Day Five, Play Five.

“From The Mousetrap to the new surge of Scandi-noir – let’s write a murder mystery.”

Murder. Mystery.

Another … great… challenge to push us out of our comfort zones. The weekend challenges are meant to be more complicated as we all have ‘so much more time on our hands’. Like a lot of the participants, this isn’t true for me.

I know what you’re all thinking – it’s really hard to write a good murder mystery in a ‘short play’ format… and I’m afraid my answer to that is – ‘who said it needs to be a short play?’
Come on – it’s the weekend! Make a cup of whisk… tea and start plotting. Literally.

Oh, and one more thing. It’s easy making this task light-heartedly, and writing some sort of silly farce. So don’t. Make this a strong, interesting, dramatic one.

Given the time pressures and my absolute lack of experience in the genre, I decided two things:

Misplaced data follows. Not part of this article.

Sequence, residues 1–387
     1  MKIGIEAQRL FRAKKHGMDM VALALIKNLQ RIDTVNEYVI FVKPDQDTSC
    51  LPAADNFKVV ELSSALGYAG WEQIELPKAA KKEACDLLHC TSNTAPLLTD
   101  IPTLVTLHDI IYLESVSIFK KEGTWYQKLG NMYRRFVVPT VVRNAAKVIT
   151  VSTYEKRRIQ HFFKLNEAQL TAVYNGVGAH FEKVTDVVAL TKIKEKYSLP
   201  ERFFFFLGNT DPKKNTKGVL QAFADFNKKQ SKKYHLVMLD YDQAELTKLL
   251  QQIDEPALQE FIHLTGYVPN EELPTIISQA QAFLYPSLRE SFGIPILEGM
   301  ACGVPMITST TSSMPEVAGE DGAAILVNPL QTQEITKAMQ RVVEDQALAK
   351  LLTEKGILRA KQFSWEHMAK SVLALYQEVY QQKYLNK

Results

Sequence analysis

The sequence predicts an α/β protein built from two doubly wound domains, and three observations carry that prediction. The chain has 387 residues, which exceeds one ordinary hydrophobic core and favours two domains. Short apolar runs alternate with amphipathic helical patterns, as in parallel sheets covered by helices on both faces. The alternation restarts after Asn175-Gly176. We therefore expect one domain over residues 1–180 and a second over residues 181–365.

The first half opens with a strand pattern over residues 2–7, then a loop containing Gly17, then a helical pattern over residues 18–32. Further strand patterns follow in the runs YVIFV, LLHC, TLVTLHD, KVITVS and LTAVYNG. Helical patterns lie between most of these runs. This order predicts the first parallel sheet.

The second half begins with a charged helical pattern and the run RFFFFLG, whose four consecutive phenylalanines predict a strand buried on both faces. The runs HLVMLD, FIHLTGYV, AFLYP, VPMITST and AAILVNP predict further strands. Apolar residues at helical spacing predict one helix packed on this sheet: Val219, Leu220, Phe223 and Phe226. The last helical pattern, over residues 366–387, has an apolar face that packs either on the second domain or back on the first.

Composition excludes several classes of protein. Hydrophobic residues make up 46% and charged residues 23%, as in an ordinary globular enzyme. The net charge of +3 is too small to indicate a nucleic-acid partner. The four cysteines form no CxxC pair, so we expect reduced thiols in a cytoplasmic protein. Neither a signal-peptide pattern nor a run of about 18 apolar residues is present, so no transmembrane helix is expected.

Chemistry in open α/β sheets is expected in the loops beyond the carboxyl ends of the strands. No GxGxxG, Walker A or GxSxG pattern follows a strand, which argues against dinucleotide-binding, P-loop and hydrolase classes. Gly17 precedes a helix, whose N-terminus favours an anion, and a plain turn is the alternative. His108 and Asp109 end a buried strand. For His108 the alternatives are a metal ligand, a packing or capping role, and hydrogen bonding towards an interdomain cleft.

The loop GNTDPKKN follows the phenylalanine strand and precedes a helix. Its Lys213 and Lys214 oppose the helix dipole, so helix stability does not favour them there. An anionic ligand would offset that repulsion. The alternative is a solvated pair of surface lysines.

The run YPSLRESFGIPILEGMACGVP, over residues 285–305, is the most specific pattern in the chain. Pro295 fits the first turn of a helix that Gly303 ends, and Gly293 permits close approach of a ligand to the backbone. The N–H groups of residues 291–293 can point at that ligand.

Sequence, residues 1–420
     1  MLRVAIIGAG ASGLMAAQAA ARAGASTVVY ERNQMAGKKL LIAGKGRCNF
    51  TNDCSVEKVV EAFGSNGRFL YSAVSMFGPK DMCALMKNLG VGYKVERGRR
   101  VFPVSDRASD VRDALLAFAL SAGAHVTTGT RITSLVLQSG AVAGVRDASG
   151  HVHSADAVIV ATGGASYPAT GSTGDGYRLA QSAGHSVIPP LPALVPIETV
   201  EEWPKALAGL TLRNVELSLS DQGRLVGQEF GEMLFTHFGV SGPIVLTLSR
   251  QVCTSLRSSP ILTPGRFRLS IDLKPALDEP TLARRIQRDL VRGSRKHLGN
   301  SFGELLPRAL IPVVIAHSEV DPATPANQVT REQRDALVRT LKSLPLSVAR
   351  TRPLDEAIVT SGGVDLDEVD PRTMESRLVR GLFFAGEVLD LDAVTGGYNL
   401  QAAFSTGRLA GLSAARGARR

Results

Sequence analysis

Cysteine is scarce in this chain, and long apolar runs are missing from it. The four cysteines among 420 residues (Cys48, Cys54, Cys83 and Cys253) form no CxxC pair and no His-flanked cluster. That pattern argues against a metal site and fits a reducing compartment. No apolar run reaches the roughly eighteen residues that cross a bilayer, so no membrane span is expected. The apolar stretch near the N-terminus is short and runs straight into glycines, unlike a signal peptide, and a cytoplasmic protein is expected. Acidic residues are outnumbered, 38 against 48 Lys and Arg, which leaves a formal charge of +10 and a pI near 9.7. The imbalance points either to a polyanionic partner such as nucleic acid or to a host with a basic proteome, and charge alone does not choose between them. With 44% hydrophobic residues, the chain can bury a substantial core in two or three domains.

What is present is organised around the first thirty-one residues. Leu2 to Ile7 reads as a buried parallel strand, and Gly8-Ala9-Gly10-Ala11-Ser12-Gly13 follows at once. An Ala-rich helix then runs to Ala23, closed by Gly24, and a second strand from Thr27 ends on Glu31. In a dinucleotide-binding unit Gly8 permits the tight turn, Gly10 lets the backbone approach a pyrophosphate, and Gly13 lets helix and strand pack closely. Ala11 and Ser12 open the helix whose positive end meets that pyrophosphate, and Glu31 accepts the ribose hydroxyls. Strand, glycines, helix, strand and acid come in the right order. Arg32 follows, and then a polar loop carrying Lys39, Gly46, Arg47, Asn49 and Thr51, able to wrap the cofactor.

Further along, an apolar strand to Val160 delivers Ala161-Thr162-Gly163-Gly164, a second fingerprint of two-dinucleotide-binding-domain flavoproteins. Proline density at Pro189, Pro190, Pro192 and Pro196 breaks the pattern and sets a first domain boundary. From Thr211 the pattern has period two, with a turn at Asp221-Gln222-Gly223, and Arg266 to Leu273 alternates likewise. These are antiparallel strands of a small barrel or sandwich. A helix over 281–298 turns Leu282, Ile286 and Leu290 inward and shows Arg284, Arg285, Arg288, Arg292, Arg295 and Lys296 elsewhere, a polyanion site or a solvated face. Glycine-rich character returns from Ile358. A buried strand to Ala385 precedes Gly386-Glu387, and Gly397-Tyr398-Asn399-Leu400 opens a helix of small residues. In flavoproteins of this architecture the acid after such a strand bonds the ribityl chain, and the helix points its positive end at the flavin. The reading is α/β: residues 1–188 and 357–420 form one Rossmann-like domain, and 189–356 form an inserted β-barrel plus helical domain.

1. I would base the structure and characters on a murder mystery game I designed for my English as a Second Language students (they were learning ‘it could have been…’, ‘it might have been…’, ‘it must have been…’ etc.)
  2. I would start at the end and use a narrator to describe the story up until this point. That way, I could skip the bits I didn’t want to write!

The result:

  • I basically wrote a monologue (with some other characters chipping in, rarely) in which the narrator tells you that they are the murderer and then you spend the whole play wondering if there was a murder at all.


Day 5: Murder Murder





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